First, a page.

• Dan Tracey


With the delayed European Championships appearing closer on the horizon, the planning phase focuses once again on venues and with UEFA’s deadline on potential stadia now expiring, we have a clearer idea of just where fixtures will be staged this summer.

It is bad news for those who wanted to watch a game in Bilbao, as the Basque region has been deemed as not safe enough to welcome supporters and this subsequently means that a handful of fixtures will have to be switched to an alternative venue.

Something that has already happened in Belgium and with Brussels unable to stage a football festival in June and July, England have stepped forward to take on an extra burden of fixtures – one that could further increase due to events elsewhere.

One obvious switch would be the Bilbao based fixtures to also move to England and with the UK’s COVID-19 vaccination programme going ahead at breakneck speed, they would certainly be the frontrunners for such an outcome.

While England may also find themselves on call as far as Dublin are concerned and with the FAI unable to give assurances regarding the staging on their fixtures, it looks as if Irish eyes may not be smiling on Euro 2020.

A bitter blow for the Irish capital should things stay as they are and with little in the way of substantial progress against the pandemic, the Dublin fixtures look likely to be staged across the water instead.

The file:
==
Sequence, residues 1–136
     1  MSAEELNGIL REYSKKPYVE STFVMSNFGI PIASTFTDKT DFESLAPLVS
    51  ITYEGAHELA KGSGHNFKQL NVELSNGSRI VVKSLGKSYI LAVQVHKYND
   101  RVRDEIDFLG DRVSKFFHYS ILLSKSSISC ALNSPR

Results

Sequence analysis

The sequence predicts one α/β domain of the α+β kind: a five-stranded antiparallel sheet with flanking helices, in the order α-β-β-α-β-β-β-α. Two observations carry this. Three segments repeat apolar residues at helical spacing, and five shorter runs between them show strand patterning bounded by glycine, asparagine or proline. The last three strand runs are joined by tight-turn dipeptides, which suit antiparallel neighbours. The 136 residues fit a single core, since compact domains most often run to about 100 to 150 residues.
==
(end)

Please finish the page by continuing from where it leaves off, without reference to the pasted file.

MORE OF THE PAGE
However, the news is much better for Scotland and their supporters, as after qualifying for their first major tournament in 23 years, they will not face the prospect of playing at an empty Hampden Park this summer.

The Scottish government have announced that 12,000 supporters will be permitted to enter the national stadium, and this is where three games - including Scotland's Group D fixtures against the Czech Republic and Croatia and one last-16 game will be played.

That figure equates to approximately 25% of Hampden Park and when compared to Wembley, it will be a far greater percentage that will be initially permitted to watch matches in the English capital. However, that Wembley number could expand rapidly as the tournament progresses.

With the UK pinning everything on a total lifting of restrictions, June 21st is the day in which everyone is working towards and once the European Championships surpass this date, Wembley could operate with a bigger attendance.

Initially 10,000 is the maximum cap for supporters in mid-May and this will be the figure which is permitted to watch the last game or possibly two of the Premier League season. Although, that number will double for the F.A. Cup.

Therefore, Wembley will aim to operate at a 20,000 capacity for any fixtures before June 21st and with some key games being held in the latter stages – none more so than the final itself, it might just be played in front of a sell-out crowd and show that normality is finally returning to sport in the UK.

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